Ask the Doctors

Dear Doctor: My doctor offered to prescribe sleeping pills because I'm under a lot of stress at work and am suffering from insomnia. I'm tempted, but the side effects scare me. How often do people sleepwalk or binge-eat or do other activities after taking sleeping pills? I even heard that one woman drove across the country!

Dear Reader: When it comes to having trouble getting a good night's sleep, you're not alone. It's estimated that at least one-third and perhaps up to one-half of all Americans experience some kind of sleep problem. These range from the occasional sleepless night to the chronic -- and at times debilitating -- insomnia that affects up to 10 percent of the U.S. population. To deal with this unwanted wakefulness, an estimated 9 million Americans now turn to sleep aids of one kind or another. And considering the complex physiological mechanisms that regulate sleep, it's not that surprising that there would be some side effects associated with these medications.

The medications most commonly associated with the odd behaviors you mentioned are zolpidem, sold under the brand name Ambien, and eszopiclone, sold under the brand name Lunesta. They fall into a class of drugs known as hypnotics. These work by binding to certain receptors in the brain, which affects neural activity in a way that allows the user to slip into sleep.

Although the majority of users experience few if any side effects, some people have reported a range of peculiar and potentially dangerous behaviors that they had no memory of taking part in. These include waking up with food or dirty dishes in their beds, then finding a mess in the kitchen that indicated they had prepared a meal sometime during the night. Other anecdotes include a man waking up in the family car in his pajamas, parked miles from home with no idea of how he got there. A woman reported receiving clothing deliveries from a $2,200 online shopping spree she had no memory of, and another woman woke up shivering in a bathtub filled to the brim with cold water and surrounded by burning candles.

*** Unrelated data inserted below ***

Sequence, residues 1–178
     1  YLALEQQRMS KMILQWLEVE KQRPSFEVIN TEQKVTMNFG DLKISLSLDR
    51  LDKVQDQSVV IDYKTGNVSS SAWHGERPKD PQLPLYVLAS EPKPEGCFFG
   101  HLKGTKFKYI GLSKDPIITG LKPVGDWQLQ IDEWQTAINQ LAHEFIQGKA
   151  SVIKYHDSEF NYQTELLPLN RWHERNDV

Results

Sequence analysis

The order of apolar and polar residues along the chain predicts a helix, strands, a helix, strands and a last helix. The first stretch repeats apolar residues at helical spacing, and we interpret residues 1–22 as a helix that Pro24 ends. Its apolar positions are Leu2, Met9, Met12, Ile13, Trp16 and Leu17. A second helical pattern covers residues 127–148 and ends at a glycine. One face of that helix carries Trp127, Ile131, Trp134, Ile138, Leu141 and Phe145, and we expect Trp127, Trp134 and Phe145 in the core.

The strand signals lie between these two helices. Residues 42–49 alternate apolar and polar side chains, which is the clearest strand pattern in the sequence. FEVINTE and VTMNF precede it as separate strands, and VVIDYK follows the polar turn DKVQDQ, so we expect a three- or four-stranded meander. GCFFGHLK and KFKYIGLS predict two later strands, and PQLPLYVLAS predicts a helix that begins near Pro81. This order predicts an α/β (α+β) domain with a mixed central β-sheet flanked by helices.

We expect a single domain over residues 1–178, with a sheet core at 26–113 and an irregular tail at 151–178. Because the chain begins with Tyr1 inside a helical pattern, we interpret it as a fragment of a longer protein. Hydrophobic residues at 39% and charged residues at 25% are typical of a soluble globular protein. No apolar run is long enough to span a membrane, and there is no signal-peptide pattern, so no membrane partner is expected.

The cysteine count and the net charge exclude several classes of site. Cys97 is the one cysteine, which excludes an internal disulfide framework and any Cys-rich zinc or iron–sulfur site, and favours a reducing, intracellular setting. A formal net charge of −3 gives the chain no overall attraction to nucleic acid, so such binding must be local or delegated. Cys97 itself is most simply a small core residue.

As we mentioned, these side effects are considered to be rare. The labels of the relevant drugs now carry prominent warnings that, while under the influence of the medication, it's possible to walk, eat or even drive and have no memory of it afterward. Also carried in the warning labels is the possibility that varying levels of cognitive impairment, as well as physical symptoms like headache, nausea and a bad taste in the mouth, can persist into the following day.

While the temporary respite these sleep aids can offer from a bout of insomnia is helpful, it's important to note that they are not intended for long-term use. Rather, they are meant for occasional use, to help someone who is struggling with sleeplessness to get through a rough patch. However, because the drugs are quite effective and also potentially habit-forming, it's possible to become dependent on them over the long term. If you do decide to try them, please keep that -- and the label warnings -- in mind.

(Send your questions to askthedoctors@mednet.ucla.edu, or write: Ask the Doctors, c/o Media Relations, UCLA Health, 924 Westwood Blvd., Suite 350, Los Angeles, CA, 90095. Owing to the volume of mail, personal replies cannot be provided.)

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